Sandy Baum, co-author of the Trends reports and of Education Pays, noted, "This year's slowing of the price spiral does not mean that college is suddenly more affordable, that concerns about student debt will be set aside, or that low- and moderate-income students will no longer face financial hurdles as they pursue their educational ambitions. But it is good news, and we hope it will allow more focus on helping students to access the available financial aid and to enroll and succeed in college."
Key Findings from Trends in College Pricing and Trends in Student Aid
Over the past year, much of the conversation has centered on fears that the upward trends of college prices, Pell Grant expenditures, and student borrowing would continue to accelerate. The reports released today show that college prices are still rising, but not as steeply. Meanwhile, Pell Grant expenditures and student borrowing both fell.
The 2.9% increase in published tuition and fees for in-state students at public four-year colleges from 2012-13 to 2013-14 is the smallest one-year increase since 1975-76. After adjusting for inflation, the increase is 0.9%, the lowest inflation-adjusted increase since 2000-01.
The 3.8% increase in private nonprofit four-year college tuition, unadjusted for inflation, is slightly lower than the increases of recent years. The 3.5% increase for public two-year colleges, which is just $110, is typical of increases over the long run, but the smallest since 2007-08. The Trends in College Pricing report also provides data on the net prices students and families actually pay, both on average and across different income levels.
- Between 2007-08 and 2010-11, the net prices paid by many students were held down by large increases in grant aid and tax benefits, particularly from the federal government, even though published prices were increasing rapidly over the same period.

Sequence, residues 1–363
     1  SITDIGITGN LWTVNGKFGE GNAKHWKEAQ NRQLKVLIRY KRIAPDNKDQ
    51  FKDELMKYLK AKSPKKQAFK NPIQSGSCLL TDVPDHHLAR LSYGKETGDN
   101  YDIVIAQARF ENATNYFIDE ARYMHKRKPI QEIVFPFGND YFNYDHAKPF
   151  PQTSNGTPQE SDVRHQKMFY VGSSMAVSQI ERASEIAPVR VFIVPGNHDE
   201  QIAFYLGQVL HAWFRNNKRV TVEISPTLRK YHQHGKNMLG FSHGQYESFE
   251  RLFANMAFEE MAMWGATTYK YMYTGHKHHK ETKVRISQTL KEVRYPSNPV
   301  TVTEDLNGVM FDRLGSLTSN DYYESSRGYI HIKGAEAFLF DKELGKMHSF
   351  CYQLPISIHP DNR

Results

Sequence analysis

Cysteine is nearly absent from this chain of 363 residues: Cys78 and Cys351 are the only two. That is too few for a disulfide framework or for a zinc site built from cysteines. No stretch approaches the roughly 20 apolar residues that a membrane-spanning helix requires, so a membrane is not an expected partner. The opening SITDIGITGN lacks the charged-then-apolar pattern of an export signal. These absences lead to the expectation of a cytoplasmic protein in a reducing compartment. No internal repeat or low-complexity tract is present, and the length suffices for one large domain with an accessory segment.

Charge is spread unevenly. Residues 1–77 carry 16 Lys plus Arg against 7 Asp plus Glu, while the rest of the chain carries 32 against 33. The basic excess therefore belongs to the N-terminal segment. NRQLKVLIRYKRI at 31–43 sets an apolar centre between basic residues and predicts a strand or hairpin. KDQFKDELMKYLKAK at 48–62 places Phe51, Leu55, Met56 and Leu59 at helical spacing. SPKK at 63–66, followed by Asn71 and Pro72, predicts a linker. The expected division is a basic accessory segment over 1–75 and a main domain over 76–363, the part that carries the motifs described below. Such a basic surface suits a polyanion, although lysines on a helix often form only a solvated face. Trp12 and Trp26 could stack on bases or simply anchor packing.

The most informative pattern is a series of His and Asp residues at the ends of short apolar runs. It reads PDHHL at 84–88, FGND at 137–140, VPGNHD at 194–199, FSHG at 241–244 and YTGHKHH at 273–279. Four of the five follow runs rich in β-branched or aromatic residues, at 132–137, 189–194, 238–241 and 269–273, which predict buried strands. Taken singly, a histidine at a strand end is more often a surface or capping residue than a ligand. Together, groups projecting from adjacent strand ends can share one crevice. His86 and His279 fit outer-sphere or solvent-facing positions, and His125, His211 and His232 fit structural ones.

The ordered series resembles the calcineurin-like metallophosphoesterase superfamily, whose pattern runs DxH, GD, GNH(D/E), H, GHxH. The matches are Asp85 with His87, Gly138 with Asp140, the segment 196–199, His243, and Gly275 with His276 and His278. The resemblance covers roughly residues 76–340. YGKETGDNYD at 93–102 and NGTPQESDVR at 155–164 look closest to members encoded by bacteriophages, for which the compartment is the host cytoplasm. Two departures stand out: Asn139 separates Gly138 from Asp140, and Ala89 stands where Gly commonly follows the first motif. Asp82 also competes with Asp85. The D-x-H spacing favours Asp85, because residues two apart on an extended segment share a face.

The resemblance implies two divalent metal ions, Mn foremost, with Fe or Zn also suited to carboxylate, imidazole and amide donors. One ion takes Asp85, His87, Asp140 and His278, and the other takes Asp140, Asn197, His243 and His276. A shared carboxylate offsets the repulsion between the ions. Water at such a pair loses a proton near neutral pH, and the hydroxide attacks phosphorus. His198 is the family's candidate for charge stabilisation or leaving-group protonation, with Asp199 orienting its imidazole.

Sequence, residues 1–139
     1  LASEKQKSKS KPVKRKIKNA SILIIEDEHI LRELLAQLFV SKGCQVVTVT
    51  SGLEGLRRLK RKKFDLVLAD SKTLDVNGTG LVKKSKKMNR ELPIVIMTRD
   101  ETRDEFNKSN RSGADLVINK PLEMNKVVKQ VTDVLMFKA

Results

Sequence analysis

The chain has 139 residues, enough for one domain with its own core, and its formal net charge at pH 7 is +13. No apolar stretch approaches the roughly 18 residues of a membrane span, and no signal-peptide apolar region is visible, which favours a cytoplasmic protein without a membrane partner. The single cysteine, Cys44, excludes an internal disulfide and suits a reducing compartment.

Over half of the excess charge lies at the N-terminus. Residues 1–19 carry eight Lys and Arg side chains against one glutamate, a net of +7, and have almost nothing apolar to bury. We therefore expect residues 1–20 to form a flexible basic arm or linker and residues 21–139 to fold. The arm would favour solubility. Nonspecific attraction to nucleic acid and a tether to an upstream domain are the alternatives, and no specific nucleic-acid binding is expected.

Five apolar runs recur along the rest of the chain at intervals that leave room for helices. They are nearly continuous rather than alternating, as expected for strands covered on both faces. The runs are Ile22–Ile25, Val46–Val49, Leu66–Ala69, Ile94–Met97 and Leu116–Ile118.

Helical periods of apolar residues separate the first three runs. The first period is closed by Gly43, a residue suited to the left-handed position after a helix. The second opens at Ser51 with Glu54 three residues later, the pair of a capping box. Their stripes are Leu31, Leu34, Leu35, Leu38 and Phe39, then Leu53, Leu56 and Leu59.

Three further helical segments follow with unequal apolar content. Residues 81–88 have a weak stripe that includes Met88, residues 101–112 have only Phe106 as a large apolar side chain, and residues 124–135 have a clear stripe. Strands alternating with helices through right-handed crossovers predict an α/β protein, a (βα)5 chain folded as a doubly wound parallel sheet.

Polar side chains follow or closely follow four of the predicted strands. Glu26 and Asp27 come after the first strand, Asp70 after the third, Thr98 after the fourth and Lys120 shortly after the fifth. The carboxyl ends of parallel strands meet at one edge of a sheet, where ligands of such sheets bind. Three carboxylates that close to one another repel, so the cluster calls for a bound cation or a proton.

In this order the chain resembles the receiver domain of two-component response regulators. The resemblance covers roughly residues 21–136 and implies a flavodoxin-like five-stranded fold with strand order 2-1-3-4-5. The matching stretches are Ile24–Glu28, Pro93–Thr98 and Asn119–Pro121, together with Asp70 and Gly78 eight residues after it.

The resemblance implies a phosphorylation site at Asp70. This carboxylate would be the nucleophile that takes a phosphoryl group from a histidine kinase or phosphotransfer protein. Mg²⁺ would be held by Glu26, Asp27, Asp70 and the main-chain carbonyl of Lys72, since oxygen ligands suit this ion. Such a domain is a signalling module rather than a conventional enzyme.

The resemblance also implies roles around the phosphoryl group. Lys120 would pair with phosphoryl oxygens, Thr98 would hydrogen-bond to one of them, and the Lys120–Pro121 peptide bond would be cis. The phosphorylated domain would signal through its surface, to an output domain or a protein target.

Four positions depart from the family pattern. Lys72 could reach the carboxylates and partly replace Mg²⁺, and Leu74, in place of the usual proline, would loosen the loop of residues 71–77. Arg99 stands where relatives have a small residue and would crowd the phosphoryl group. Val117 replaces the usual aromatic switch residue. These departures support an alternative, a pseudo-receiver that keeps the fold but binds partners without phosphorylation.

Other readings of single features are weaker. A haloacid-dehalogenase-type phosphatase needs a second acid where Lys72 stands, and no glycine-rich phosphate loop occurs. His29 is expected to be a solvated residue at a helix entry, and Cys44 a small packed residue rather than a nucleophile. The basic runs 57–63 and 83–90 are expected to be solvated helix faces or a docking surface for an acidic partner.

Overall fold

- However, between 2010-11 and 2012-13, federal grant aid declined. While grants per student from other sources increased, net prices rose at a time when family incomes have not recovered.
According to the Trends in Student Aid report, about 60% of students who earned bachelor's degrees in 2011-12 from the first public or private nonprofit college in which they enrolled graduated with debt. Among those who borrowed, the average debt was $26,500.
- Over the decade from 2002-03 to 2012-13, the total number of federal undergraduate and graduate student loan borrowers increased by 69%, while the average annual amount borrowed increased by 6%, from $7,900 (in 2012 dollars) in 2002-03 to $8,350. The average undergraduate federal loan was $6,760 and the average graduate student loan was $17,230 in 2012-13.
- In 2013, 1.6 million federal Direct Loan borrowers were in repayment plans that limit their payments to a specified percentage of their incomes.
More information about Trends in Higher Education reports is available here.
The College Board
The College Board is a mission-driven not-for-profit organization that connects students to college success and opportunity. Founded in 1900, the College Board was created to expand access to higher education. Today, the membership association is made up of over 6,000 of the world's leading educational institutions and is dedicated to promoting excellence and equity in education. Each year, the College Board helps more than seven million students prepare for a successful transition to college through programs and services in college readiness and college success — including the SAT® and the Advanced Placement Program®. The organization also serves the education community through research and advocacy on behalf of students, educators, and schools. For further information, visit www.collegeboard.org